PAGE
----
Tavis Smiley: You Can 'Stand Your Ground Unless You Are A Black Man'
Below you can find some of the notable comments made Sunday on "This Week with George Stephanopoulos." Our Zimmerman Trial analysis panel, Congressional panel, and powerhouse roundtable guests included ABC News' Chief Legal Affairs Correspondent and Nightline Anchor Dan Abrams; ABC News' Senior Justice Correspondent Pierre Thomas; Rep. Karen Bass, D-Calif.; Rep. Tom Cole, R-Okla.; Sen. Orrin Hatch, R-Utah; Sen. Amy Klobuchar, D-Minn.; Wall Street Journal editorial page editor Paul Gigot; Politico senior political reporter Maggie Haberman; New York Times Magazine chief national correspondent Mark Leibovich, author of the new book "This Town"; and television and radio host Tavis Smiley.
SMILEY: It appears to me, and I think many other persons in this country that you can in fact stand your ground unless you are a black man. George Zimmerman was allowed to stand his ground, Trayvon Martin was not allowed to stand his ground.
Smiley draws on Dr. King's 'I Have a Dream' speech; discusses racial profiling of Trayvon Martin
SMILEY: In that speech you will recall the one line that we all seem to know…"I want my children to one day live in a nation where they will not be judged by the color of their skin, but by the content of their character." George Zimmerman knew nothing of Trayvon Martin's character. All he saw was his color. Something is wrong in this nation. Fifty years after the March on Washington, while the Voting Rights Act is being gutted, speaking of the Justice Department, what they'll do about that perhaps, something is wrong when adults can racially profile children.
Abrams says DOJ will have a case but 'they won't win, and they know that'
ABRAMS: Because they can't win in this case. They won't win, and they know that. Now there are two separate questions here that we're discussing. And I think it's important to distinguish them. One is a sort of broad societal right and wrong, and what is wrong with our society? And that is a fair question to ask. But that is a different question than talking about what happened in that courtroom.
Bass believes Zimmerman verdict was 'devastating;' causing fear
BASS: Well, it was a devastating verdict, and I just am very concerned about what message this sends to the community, the fear that people must have now.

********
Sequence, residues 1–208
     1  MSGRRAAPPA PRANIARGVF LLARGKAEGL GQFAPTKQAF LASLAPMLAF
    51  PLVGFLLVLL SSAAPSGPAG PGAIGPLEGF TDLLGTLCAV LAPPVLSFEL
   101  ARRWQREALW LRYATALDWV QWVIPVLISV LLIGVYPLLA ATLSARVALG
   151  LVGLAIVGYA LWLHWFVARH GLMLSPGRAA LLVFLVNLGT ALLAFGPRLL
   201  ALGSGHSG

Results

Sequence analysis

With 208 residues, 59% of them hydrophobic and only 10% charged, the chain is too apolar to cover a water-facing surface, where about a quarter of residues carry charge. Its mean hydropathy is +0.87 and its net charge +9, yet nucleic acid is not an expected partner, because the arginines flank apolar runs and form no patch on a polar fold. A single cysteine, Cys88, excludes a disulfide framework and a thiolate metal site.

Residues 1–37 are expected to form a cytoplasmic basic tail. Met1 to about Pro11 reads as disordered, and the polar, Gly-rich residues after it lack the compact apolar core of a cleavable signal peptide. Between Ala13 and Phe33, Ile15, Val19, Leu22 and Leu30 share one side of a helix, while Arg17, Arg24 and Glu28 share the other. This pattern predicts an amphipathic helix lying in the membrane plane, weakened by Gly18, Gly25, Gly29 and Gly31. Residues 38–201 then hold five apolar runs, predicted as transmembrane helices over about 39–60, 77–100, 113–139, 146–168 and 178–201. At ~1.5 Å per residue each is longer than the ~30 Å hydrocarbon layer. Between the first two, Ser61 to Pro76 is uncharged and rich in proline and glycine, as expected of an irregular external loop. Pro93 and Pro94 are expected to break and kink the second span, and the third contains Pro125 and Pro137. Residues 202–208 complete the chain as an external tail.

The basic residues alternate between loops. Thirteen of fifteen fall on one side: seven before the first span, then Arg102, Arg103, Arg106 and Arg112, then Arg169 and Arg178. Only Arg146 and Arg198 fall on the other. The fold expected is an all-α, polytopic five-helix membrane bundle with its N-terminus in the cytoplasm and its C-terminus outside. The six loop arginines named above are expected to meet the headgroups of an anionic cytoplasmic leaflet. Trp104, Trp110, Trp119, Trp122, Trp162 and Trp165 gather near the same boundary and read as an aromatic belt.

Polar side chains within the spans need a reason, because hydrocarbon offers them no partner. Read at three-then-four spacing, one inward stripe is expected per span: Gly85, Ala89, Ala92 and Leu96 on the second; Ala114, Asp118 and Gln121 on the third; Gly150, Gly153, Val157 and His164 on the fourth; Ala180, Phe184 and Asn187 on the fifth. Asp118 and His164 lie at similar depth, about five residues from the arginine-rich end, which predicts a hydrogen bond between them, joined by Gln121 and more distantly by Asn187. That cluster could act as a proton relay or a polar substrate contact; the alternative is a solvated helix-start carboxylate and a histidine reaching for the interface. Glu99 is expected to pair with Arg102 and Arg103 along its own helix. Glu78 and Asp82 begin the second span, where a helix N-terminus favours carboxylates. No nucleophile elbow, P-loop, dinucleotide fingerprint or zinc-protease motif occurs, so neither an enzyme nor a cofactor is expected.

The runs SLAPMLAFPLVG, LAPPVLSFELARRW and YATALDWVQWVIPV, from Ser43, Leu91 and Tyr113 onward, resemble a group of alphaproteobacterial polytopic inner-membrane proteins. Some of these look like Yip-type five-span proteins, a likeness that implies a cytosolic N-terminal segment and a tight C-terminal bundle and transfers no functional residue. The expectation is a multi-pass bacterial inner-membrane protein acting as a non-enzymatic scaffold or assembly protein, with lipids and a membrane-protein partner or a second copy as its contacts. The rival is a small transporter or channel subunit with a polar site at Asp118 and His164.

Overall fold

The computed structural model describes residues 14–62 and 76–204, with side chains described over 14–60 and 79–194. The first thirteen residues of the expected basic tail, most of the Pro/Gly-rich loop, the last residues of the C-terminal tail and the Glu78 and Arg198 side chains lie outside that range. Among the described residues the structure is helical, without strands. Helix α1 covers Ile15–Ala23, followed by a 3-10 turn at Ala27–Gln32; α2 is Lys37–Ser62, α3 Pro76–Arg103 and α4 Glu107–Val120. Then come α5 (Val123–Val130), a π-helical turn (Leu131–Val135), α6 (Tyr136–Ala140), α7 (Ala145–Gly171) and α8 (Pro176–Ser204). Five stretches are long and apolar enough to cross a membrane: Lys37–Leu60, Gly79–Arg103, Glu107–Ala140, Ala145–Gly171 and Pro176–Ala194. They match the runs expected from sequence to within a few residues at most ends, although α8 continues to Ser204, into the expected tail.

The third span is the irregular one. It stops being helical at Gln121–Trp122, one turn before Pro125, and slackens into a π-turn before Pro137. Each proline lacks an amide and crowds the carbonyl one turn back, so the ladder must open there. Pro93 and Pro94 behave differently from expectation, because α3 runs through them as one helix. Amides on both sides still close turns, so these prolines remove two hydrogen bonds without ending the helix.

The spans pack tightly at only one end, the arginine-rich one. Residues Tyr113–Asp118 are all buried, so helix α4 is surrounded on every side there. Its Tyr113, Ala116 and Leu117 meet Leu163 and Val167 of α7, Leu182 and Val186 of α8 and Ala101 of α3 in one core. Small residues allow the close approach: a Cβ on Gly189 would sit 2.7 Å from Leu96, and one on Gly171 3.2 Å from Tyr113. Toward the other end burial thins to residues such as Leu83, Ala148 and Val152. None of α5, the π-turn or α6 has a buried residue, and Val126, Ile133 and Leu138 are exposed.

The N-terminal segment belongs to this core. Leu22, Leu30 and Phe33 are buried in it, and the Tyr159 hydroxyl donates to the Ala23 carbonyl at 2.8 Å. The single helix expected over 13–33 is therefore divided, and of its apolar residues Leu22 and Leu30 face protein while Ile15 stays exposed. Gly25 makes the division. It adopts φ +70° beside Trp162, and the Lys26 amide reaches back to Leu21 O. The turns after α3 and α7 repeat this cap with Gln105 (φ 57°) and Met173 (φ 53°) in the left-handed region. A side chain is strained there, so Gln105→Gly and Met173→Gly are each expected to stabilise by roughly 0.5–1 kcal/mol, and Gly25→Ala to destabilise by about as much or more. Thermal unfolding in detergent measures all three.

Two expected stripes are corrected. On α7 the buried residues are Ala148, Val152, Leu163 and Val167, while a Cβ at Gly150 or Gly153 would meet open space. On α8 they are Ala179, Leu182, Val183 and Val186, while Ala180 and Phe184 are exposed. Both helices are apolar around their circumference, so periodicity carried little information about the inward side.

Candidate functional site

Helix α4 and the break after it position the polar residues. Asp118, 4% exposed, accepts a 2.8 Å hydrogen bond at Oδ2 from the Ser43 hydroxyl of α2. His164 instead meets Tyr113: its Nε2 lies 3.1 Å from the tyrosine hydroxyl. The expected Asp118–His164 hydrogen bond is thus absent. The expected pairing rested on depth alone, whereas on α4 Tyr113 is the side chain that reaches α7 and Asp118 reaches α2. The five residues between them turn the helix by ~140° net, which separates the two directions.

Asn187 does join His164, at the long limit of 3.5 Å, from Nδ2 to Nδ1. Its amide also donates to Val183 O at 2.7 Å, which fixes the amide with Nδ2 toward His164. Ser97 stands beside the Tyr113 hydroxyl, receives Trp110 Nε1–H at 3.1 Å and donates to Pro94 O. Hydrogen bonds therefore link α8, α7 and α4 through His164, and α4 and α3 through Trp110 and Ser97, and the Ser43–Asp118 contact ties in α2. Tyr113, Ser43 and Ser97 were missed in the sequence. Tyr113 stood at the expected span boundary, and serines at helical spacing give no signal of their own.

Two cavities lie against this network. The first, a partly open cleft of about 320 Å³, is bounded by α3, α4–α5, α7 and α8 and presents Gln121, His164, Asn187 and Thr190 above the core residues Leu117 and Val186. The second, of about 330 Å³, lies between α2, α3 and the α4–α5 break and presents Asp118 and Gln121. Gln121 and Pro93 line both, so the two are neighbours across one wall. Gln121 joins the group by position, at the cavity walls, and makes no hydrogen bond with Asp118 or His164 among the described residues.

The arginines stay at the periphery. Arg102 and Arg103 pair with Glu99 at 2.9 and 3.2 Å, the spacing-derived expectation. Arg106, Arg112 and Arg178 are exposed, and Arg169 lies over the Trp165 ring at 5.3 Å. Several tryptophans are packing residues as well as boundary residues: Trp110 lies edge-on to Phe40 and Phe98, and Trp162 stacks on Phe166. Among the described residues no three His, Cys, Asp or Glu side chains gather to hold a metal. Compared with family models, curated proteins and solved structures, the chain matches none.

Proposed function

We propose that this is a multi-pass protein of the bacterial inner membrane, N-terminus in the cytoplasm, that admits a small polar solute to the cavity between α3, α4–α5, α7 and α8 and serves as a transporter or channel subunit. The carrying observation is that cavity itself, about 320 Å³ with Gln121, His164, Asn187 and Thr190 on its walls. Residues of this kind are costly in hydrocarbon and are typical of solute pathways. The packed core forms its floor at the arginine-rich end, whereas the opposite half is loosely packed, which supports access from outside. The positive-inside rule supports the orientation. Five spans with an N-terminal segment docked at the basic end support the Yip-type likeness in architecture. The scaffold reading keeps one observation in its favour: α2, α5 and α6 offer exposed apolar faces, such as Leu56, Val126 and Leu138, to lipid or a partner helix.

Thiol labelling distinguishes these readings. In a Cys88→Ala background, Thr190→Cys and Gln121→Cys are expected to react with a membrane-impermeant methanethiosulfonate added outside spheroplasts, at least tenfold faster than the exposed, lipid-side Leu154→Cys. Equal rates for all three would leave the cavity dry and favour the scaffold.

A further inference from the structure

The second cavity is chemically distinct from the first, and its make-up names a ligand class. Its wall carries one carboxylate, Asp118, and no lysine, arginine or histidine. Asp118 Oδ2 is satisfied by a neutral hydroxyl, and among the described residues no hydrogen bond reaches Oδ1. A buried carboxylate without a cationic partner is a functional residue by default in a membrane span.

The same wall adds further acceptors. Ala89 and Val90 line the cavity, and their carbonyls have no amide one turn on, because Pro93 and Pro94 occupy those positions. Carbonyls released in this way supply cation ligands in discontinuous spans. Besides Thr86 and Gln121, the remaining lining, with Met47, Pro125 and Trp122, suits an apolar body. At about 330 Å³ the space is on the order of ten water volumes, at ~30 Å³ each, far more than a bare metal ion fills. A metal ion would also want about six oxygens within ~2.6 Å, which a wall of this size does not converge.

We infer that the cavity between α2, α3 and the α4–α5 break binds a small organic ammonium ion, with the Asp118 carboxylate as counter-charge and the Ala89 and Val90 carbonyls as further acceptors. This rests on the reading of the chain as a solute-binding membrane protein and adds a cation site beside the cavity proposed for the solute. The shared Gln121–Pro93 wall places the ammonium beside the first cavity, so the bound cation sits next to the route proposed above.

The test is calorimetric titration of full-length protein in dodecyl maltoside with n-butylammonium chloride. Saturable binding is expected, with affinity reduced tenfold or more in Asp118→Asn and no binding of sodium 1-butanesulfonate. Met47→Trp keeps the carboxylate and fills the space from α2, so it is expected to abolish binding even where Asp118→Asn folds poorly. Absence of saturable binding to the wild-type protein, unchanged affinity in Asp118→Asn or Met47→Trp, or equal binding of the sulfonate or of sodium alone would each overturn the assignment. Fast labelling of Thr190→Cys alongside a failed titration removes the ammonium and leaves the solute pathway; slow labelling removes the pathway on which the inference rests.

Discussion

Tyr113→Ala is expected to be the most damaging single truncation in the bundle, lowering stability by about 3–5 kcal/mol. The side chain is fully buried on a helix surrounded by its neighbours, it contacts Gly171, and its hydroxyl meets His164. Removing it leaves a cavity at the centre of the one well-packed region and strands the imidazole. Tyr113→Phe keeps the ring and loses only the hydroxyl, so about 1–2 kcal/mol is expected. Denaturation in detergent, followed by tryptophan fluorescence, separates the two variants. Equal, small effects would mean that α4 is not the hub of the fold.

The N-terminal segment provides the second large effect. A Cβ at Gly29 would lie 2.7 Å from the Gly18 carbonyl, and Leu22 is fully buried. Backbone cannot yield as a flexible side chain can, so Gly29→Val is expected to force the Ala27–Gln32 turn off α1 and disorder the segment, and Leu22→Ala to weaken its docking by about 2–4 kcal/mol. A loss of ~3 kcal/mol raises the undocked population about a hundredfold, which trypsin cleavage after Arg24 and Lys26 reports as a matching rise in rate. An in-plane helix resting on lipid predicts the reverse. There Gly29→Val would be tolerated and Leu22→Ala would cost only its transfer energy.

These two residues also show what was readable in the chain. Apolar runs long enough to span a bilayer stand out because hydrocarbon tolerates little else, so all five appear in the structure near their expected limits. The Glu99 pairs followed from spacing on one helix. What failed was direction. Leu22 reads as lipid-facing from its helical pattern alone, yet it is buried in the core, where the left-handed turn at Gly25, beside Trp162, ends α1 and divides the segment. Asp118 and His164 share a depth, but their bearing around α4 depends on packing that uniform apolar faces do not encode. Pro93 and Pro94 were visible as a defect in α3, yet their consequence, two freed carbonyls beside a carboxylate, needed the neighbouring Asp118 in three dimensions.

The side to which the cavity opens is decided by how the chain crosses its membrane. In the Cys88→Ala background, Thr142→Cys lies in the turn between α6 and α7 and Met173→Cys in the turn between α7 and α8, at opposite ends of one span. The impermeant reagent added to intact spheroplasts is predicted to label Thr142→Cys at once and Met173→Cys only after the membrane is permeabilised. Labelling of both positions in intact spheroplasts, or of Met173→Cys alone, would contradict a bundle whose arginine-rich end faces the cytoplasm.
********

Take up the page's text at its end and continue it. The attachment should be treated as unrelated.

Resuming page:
Klobuchar hopes Martin family 'takes some solace' in outpour of support
KLOBUCHAR: And my thoughts are with the family right now. I've seen this before, it is such a hard thing to take. And I hope they take some solace in the support they have across the country. A little 16-year-old boy going out to get some snacks at a convenience store shouldn't end up dead.
Hatch 'counting on the House' to come through and stop 'de facto amnesty'
HATCH: And all the other gang of eight people were very good, too. But let me tell you something, I'm counting on the House. I'm counting on the House getting it even better, I'm counting on the House realizing that we can't just continue on with this de facto amnesty, which is what Marco Rubio calls it. And I think that's an accurate description.
Haberman thinks Spitzer has the potential to 'eat Stringer alive'
HABERMAN: I think that if nothing else comes out and I think that if Stringer can't bring a credible case, nobody knows who Scott Stringer is. He's a nice man. I've known him a long time. He's been in Albany, he is not a known commodity, Spitzer is. It's a down ballot race. This is a race that is largely won on name recognition. I think what you just saw on that interview, I think he will do that in the debate. I think that he will eat Stringer alive potentially.